jond's picture

...thanks for the Dan Tepfer rec found Eleven Cages and some of his other stuff on Tidal it's quite good!

corrective_unconscious's picture

It's telling how - not to indulge too much puffery - that the likes of youse apparently had to sit and wait for some time to get press passes. And that was on Saturday. Friday is the day to work out the kinks, I thought. A better run show would had those passes on hand or else simply released you on your recognizance immediately. You know, like with your no doubt incessant drunk and disorderlies when you were younger last month....

I could go on about how it was managed in other respects, but the drop in gear from last year is determinative. And the exhibitors' conversations I heard on Sunday about attendance were neither hedged nor whispered.

Kal Rubinson's picture

"And that was on Saturday." Actually, it was on Friday.

corrective_unconscious's picture

That must explain the headline here, "Saturday at the New York Show with Ken." (Nowhere does the text in my scanning of it say, "Friday." Are you opining that your wait, which the text emphasizes went on, is not indicative of an organizer foul up since it was Friday, the first day?)

However it does suggest a time warp because the other thread by that writer is "Ken's Day Two at the New York Show." Does that refer to Saturday or Sunday? If his day two was Saturday then the two headlines make no sense together as written.

As my comments about certain gear will show I did not take notes, but I was there on Sunday for sure. I reiterate I saw evidence of poor (or disingenuous if you prefer) management on that, the third day. We might even posit the "last day."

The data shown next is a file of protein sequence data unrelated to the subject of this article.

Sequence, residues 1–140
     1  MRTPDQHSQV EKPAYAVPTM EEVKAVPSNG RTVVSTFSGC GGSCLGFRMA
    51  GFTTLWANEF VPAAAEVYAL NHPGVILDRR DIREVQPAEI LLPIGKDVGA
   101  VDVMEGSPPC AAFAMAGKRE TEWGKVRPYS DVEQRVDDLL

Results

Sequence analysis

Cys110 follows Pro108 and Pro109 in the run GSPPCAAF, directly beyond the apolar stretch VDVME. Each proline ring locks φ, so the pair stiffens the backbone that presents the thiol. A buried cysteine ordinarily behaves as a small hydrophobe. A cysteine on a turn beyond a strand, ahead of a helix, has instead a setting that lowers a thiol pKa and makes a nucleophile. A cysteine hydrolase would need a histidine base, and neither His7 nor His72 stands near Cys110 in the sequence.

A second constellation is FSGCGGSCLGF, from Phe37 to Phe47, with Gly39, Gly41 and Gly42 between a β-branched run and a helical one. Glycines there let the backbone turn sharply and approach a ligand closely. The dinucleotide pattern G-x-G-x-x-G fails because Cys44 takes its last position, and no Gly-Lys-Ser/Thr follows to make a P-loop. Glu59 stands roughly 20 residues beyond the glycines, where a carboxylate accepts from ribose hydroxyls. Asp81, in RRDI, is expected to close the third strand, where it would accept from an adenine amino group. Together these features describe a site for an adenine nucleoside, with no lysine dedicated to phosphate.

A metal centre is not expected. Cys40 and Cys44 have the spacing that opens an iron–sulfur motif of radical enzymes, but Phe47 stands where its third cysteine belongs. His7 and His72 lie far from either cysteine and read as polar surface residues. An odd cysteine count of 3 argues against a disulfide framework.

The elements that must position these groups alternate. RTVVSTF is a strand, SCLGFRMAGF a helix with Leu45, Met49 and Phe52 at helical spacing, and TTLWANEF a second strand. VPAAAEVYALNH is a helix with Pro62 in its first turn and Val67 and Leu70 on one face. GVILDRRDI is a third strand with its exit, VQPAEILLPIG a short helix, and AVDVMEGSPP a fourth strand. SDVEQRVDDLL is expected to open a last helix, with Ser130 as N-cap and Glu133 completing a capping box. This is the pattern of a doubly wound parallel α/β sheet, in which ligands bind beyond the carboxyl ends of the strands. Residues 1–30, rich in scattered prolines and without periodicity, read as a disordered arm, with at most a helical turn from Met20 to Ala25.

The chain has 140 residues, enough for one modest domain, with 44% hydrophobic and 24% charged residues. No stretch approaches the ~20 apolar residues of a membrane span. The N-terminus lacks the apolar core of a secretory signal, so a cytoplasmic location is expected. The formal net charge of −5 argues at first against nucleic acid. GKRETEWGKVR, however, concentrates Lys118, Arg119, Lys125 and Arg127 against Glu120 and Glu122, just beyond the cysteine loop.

Kal Rubinson's picture

Don't read so much into it. I was just saying that Ken and I met on Friday, the first day of the show, and that is just for the record. That does not excuse the management for being unprepared.

As for the rest of it, I have no comment.

ken mac's picture

The events noted took place on Friday morning. But given that Art Dudley has a million things to edit beside my report, it was posted Saturday. The Sunday show report was posted Monday. Sorry for the confusion.

corrective_unconscious's picture

Since I see noting observably posted on Monday, the 13th, I probably should just reality check that you have only two entries with reports from the NY show this year, and their headlines both arguably refer to Saturday, and the first of those two relates some events which took place on Friday. Is that correct? Two entries total, not three?

SGva's picture

Thought I'd mention that Adirondack Audio's room with the lovely Luxman gear was wired with Nordost Tyr 2 interconnects and speaker cable along with a mix of Nordost Tyr 2 and Frey 2 power cords.